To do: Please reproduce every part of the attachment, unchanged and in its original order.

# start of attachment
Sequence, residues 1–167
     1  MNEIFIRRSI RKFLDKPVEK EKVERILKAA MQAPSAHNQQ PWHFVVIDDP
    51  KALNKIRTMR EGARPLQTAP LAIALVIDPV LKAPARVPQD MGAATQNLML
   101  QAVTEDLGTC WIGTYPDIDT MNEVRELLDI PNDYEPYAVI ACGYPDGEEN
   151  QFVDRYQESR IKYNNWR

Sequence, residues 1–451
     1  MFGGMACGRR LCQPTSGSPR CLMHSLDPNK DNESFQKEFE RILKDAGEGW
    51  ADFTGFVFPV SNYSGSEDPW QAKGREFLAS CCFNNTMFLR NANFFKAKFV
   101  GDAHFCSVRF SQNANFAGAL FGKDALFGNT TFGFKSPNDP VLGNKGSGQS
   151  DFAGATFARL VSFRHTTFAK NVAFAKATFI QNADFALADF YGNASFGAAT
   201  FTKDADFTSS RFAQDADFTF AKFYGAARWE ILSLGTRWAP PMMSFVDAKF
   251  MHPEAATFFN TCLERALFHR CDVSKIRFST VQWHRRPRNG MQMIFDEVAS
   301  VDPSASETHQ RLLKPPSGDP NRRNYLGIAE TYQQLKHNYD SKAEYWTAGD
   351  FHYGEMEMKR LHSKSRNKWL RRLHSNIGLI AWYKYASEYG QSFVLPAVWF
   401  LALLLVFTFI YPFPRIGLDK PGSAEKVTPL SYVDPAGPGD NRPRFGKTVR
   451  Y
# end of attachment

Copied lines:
Sequence, residues 1–167
     1  MNEIFIRRSI RKFLDKPVEK EKVERILKAA MQAPSAHNQQ PWHFVVIDDP
    51  KALNKIRTMR EGARPLQTAP LAIALVIDPV LKAPARVPQD MGAATQNLML
   101  QAVTEDLGTC WIGTYPDIDT MNEVRELLDI PNDYEPYAVI ACGYPDGEEN
   151  QFVDRYQESR IKYNNWR

Sequence, residues 1–451
     1  MFGGMACGRR LCQPTSGSPR CLMHSLDPNK DNESFQKEFE RILKDAGEGW
    51  ADFTGFVFPV SNYSGSEDPW QAKGREFLAS CCFNNTMFLR NANFFKAKFV
   101  GDAHFCSVRF SQNANFAGAL FGKDALFGNT TFGFKSPNDP VLGNKGSGQS
   151  DFAGATFARL VSFRHTTFAK NVAFAKATFI QNADFALADF YGNASFGAAT
   201  FTKDADFTSS RFAQDADFTF AKFYGAARWE ILSLGTRWAP PMMSFVDAKF
   251  MHPEAATFFN TCLERALFHR CDVSKIRFST VQWHRRPRNG MQMIFDEVAS
   301  VDPSASETHQ RLLKPPSGDP NRRNYLGIAE TYQQLKHNYD SKAEYWTAGD
   351  FHYGEMEMKR LHSKSRNKWL RRLHSNIGLI AWYKYASEYG QSFVLPAVWF
   401  LALLLVFTFI YPFPRIGLDK PGSAEKVTPL SYVDPAGPGD NRPRFGKTVR
   451  Y